Committee Opinion Number 678, November 2016

(Reaffirmed 2018)

ABSTRACT: Current sexuality education programs vary widely in the accuracy of content, emphasis, and effectiveness. Data have shown that not all programs are equally effective for all ages, races and ethnicities, socioeconomic groups, and geographic areas. Studies have demonstrated that comprehensive sexuality education programs reduce the rates of sexual activity, sexual risk behaviors (eg, number of partners and unprotected intercourse), sexually transmitted infections, and adolescent pregnancy. One key component of an effective program is encouraging community-centered efforts. In addition...


Committee Opinion Number 653, February 2016

(Reaffirmed 2018)

ABSTRACT: Although there are many positive aspects of social media for adolescents and young adults, there are also risks. Adolescence is a time of significant developmental changes, during which adolescents exhibit a limited capacity for self-regulation and an increased risk of susceptibility to peer pressure and experimentation. Social media can be harmful, and obstetrician–gynecologists may screen their adolescent and young adult patients for high-risk sexual behaviors, especially if sexualized text communication (sexting), exposure to pornography, online dating, or other risk-taking behav...


Committee Opinion Number 645, November 2015

(Reaffirmed 2018)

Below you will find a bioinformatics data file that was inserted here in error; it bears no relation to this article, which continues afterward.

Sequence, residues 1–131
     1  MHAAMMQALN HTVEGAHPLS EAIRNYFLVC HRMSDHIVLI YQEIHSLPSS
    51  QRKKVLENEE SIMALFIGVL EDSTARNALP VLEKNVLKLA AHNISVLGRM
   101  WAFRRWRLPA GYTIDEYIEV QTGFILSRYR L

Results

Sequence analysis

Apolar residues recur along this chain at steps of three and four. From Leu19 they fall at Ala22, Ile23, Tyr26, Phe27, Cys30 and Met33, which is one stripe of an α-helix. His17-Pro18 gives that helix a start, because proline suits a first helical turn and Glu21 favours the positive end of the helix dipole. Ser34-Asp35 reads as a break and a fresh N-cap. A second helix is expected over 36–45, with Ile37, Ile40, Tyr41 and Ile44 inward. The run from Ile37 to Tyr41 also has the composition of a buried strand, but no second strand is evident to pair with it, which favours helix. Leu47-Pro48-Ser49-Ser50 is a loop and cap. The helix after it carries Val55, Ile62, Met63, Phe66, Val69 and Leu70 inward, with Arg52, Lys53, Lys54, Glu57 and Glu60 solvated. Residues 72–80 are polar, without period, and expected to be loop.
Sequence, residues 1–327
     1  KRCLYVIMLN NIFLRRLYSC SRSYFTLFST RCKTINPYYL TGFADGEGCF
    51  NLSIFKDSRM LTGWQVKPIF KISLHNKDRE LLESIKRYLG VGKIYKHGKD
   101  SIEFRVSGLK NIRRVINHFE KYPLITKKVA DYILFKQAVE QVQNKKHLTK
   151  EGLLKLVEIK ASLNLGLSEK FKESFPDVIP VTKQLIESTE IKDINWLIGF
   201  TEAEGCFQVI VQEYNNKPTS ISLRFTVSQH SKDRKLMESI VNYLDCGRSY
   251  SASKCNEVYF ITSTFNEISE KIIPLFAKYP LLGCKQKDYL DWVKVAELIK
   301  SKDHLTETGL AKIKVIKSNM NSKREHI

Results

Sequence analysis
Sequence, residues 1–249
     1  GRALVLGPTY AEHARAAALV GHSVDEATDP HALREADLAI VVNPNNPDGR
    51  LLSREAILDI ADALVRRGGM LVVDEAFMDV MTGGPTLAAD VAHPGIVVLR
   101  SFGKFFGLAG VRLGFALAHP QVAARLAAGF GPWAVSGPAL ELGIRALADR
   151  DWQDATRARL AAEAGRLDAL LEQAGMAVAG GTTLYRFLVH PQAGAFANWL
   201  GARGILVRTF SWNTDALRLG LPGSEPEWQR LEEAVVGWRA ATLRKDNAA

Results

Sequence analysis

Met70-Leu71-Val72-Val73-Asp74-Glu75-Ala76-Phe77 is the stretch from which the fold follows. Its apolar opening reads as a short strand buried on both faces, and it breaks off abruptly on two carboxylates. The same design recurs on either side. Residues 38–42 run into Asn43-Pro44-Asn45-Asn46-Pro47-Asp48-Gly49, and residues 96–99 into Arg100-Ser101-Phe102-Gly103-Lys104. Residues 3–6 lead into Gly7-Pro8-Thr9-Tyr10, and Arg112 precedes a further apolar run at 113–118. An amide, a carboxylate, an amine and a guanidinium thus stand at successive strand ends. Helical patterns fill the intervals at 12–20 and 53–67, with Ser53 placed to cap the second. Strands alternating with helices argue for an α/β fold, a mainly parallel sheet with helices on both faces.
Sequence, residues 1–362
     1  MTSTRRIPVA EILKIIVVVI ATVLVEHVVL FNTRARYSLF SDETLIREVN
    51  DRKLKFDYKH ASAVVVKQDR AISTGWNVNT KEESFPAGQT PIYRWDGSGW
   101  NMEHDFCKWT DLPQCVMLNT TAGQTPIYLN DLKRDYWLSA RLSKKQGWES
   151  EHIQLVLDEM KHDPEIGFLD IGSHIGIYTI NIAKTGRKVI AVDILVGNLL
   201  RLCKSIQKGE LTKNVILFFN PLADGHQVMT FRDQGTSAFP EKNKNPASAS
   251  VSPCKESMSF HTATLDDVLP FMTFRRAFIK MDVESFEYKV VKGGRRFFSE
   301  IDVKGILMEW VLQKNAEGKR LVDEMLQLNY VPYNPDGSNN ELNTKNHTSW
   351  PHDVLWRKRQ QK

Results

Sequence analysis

ABSTRACT: Gonorrhea is the second most commonly reported bacterial sexually transmitted disease in the United States, with an estimated 820,000 new Neisseria gonorrhoeae infections occurring each year. Antimicrobial resistance limits treatment success, heightens the risk of complications, and may facilitate the transmission of sexually transmitted infections. Neisseria gonorrhoeae has developed resistance to the sulfonamides, the tetracyclines, and penicillin. Dual therapy with ceftriaxone and azithromycin remains the only recommended first-line regimen for the treatment of gonorrhea in the U...


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Committee Opinion Number 737, June 2018

(Replaces Committee Opinion Number 632, June 2015)

ABSTRACT: Sexually transmitted infections (STIs) disproportionately affect women and create a preventable threat to their fertility. One factor that contributes to young women’s high rates of STIs is reinfection from an untreated sexual partner. One way to address this problem is through expedited partner therapy, the practice of treating the sexual partners of patients in whom STIs are diagnosed. Expedited partner therapy enables the obstetrician–gynecologist or other provider to give prescriptions or medications to patients to take to their partners without first examining these partners. D...